Saturday, June 12, 2010

Will GOP Call 'Truce' in Culture War?

Possible GOP presidential hopeful, Indiana Gov. Mitch Daniels, suggests that Christians set aside hot button social issues to turn focus to more critical issues in America.

UPDATE 3/9/11 Gov. Daniels insists truce is warranted (video):

-- From "Right attacks Daniels comment" by Niki Kelly, Fort Wayne Journal Gazette 6/12/10

He was quoted in a Weekly Standard cover story as saying the next president “would have to call a truce on the so-called social issues,” such as abortion and gay marriage, until the economic crisis is resolved.

The response from prominent Republicans concerned about social issues was swift.

First, Tony Perkins, president of the Family Research Council, took offense to the statements in a newsletter sent out Thursday, noting many of the social issues at hand are supported by the majority of Americans such as not using federal funding to support abortion.

Mike Huckabee, former Arkansas governor and 2012 presidential hopeful, followed up Friday in a fundraising plea on his website by saying Daniels’ suggestion of a truce is “absolutely heartbreaking.”

To read the entire article above, CLICK HERE.

From "No 'truce' in sight" by Mary Beth Schneider, Indianapolis Star 6/12/10

"For those of us who have labored long and hard in the fight to educate the Democrats, voters, the media and even some Republicans on the importance of strong families, traditional marriage and life to our society, this is absolutely heartbreaking," Huckabee said. "And that one of our Republican leaders would suggest this truce, even more so."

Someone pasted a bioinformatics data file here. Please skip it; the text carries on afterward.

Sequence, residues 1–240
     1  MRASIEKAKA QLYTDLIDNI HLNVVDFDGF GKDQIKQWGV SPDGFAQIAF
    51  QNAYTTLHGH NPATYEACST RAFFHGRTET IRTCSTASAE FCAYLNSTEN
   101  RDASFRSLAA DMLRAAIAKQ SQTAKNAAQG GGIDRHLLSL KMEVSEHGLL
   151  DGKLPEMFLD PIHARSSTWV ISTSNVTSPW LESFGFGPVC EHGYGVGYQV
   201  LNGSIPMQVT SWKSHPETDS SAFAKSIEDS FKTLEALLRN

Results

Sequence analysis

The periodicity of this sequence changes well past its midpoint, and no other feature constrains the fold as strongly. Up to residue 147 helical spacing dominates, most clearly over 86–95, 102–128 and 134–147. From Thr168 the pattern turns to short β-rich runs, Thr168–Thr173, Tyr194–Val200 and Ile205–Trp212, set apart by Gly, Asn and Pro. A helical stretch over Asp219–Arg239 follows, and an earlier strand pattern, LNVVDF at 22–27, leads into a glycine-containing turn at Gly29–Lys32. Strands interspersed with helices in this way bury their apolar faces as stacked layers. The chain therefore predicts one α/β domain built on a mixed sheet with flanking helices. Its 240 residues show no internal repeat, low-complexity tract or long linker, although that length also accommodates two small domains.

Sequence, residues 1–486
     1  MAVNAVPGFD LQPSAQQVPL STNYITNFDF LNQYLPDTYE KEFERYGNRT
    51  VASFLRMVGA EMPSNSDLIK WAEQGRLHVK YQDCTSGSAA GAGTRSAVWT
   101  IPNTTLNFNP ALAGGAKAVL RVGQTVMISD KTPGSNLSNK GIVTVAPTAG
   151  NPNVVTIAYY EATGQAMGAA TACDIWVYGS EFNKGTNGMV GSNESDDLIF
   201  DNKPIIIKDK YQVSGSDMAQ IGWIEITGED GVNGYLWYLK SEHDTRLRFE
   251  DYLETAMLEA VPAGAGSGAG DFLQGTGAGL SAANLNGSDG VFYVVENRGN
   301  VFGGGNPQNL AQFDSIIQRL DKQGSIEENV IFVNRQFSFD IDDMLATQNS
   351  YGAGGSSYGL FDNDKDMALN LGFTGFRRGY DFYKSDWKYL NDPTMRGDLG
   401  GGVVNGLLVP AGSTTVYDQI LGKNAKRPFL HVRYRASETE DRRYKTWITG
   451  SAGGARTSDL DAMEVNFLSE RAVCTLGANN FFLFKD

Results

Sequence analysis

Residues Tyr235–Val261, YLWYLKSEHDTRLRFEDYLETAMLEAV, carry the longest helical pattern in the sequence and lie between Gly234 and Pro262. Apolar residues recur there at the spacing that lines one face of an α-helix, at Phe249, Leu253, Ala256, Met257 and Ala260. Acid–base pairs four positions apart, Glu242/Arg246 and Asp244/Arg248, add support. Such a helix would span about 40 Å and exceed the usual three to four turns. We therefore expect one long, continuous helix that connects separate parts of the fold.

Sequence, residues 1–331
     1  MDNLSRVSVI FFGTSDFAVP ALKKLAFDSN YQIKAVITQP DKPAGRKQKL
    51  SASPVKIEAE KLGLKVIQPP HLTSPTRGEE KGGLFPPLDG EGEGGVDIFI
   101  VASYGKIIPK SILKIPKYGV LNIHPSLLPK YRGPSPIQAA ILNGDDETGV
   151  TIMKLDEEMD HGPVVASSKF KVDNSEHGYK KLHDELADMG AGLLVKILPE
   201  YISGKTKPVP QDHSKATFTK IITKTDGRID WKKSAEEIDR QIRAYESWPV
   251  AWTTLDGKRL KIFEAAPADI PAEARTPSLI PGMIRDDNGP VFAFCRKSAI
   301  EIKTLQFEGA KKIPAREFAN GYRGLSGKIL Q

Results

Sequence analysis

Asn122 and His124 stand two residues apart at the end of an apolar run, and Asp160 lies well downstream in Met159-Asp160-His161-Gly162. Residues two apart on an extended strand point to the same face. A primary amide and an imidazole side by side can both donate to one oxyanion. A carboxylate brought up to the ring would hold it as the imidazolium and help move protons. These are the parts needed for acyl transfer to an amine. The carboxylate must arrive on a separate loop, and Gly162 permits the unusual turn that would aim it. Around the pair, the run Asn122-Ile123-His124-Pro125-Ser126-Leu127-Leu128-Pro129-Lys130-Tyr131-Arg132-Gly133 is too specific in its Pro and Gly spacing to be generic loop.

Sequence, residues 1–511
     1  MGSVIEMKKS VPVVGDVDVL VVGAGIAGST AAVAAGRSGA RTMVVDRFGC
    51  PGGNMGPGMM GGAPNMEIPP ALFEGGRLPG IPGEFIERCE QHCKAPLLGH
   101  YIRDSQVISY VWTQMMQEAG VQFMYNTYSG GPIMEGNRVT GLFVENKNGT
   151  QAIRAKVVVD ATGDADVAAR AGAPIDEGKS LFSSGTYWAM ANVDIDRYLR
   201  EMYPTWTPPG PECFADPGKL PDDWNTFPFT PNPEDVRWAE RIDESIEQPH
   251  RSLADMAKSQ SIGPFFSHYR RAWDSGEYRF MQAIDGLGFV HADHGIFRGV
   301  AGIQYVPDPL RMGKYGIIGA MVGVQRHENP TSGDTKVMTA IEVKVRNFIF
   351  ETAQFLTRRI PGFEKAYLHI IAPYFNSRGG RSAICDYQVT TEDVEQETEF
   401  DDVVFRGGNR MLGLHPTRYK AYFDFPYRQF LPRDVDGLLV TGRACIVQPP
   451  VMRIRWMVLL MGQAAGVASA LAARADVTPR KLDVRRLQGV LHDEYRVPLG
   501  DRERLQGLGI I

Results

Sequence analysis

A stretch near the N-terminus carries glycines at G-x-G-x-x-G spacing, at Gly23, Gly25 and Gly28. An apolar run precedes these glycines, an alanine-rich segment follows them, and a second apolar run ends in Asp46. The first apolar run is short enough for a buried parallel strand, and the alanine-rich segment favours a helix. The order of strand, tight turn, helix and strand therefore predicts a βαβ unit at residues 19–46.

. . .

Although the comment has rankled some national conservatives, it mirrors Daniels' 5 1/2 years as Indiana's leader -- not pushing hot-button social issues but making fiscal matters a priority.

During a 2005 partisan battle over the right to pray to Jesus in the General Assembly, Daniels said prayers in government venues must be inclusive, though he called a court decision mandating inclusion "regrettable." In the same session, property tax reform was the No. 1 issue.

Daniels warned lawmakers in the last legislative session to be wary of making it harder for businesses to hire employees when a measure was proposed that penalized businesses that knowingly hired illegal immigrants.

Of a measure that would have made it illegal for most Hoosier women, including victims of rape and incest, to have an abortion, Daniels said he opposed abortion rights but questioned whether Indiana should devote time and money to overturning the Supreme Court's Roe v. Wade decision that made the procedure legal.

To read the entire article above, CLICK HERE.